The outcome of upper limb tendon transfer surgery is improved when the patient is able to voluntarily contract specific muscles during the surgical procedure. Tumescent local anesthesia is suitable, but we describe an alternative option that involves the novel management of an axillary block. A 47-year-old man, injured in a motor vehicle crash, exhibited a thumb extensor deficit because of severe muscular trauma to the forearm. He underwent a tendon transfer of the fourth superficial flexor tendon to the extensor pollicis longus under an axillary block. First, individual injections of ropivacaine were performed around the musculocutaneous, radial, and ulnar nerves with ultrasound guidance. Second, a perineural catheter was placed near the median nerve and lidocaine injected. Voluntary flexor muscle contraction reappeared in time for the surgeon to adjust his suture tension.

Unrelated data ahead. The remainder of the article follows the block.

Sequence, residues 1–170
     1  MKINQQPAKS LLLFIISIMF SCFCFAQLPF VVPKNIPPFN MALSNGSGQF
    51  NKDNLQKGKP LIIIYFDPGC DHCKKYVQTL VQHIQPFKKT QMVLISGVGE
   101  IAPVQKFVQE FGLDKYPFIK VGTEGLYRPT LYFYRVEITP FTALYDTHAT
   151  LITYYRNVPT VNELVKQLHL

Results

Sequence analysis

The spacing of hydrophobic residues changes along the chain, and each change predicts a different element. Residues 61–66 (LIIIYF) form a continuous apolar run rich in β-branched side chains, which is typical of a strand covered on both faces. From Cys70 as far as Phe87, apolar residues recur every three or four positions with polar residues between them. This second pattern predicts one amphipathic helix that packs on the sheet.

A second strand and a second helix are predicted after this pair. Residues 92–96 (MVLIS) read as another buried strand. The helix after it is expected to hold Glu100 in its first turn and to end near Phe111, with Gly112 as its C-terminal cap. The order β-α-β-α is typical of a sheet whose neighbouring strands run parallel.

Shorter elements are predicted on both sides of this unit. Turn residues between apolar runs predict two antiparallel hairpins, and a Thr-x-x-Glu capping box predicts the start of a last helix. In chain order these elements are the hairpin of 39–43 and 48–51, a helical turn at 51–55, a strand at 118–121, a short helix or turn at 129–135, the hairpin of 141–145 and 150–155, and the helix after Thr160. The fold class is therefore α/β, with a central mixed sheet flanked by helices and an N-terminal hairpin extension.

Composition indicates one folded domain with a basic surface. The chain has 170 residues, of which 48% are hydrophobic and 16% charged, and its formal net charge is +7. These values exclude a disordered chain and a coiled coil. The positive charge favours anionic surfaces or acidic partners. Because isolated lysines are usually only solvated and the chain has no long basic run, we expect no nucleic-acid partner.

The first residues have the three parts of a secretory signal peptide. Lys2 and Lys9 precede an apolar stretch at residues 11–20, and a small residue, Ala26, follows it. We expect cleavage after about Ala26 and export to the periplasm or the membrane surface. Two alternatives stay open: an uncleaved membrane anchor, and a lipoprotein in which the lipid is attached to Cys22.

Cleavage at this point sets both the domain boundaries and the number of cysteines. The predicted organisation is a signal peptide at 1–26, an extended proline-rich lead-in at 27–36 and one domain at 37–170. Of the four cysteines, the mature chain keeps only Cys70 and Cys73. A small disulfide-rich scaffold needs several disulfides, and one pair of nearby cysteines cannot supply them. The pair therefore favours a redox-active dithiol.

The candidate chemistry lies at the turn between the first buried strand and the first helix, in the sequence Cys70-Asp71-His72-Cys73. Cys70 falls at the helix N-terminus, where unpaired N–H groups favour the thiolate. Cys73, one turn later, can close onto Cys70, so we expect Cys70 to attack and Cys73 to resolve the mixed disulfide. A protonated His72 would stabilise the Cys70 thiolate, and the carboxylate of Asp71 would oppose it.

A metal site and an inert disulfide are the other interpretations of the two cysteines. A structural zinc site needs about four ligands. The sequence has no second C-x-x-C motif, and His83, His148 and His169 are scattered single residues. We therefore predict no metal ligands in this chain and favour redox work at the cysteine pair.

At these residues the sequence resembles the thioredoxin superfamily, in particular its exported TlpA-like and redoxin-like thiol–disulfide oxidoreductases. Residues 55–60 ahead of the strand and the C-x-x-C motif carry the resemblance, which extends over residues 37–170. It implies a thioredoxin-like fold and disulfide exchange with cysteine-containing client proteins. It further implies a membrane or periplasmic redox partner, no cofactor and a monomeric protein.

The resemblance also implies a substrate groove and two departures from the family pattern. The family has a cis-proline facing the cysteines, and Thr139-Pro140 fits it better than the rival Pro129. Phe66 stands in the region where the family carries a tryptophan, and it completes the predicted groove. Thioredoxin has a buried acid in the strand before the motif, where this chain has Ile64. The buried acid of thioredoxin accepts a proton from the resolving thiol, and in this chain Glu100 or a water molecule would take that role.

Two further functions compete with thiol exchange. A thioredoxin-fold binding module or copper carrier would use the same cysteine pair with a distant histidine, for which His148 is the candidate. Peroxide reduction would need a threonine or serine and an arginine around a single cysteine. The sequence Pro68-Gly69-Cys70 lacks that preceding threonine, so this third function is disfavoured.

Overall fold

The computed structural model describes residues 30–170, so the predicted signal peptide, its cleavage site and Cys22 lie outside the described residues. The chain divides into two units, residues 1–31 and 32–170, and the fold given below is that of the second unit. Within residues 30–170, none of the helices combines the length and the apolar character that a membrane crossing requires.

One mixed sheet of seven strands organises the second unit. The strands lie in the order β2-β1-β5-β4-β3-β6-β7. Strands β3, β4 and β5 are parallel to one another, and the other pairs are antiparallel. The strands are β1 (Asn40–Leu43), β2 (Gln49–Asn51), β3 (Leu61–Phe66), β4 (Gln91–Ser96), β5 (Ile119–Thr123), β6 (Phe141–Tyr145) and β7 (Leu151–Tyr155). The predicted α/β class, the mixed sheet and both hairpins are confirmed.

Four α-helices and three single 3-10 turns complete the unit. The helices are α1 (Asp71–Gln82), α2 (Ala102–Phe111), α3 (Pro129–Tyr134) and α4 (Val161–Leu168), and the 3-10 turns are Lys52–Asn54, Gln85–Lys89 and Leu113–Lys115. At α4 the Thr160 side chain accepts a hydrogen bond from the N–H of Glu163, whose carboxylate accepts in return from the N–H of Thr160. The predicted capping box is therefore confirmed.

From the *Department of Anesthesiology, Rodez General Hospital, Rodez, France
†Departement of Orthopedic Surgery, Orthopedic Surgery, Rodez General Hospital, Rodez, France.
Accepted for publication November 21, 2018.
The authors declare no conflicts of interest.
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Address correspondence to Thierry Garnaud, MD, Department of Anesthesiology, Rodez General Hospital, Ave de l’Hôpital, 12000 Rodez, France. Address e-mail to email@example.com.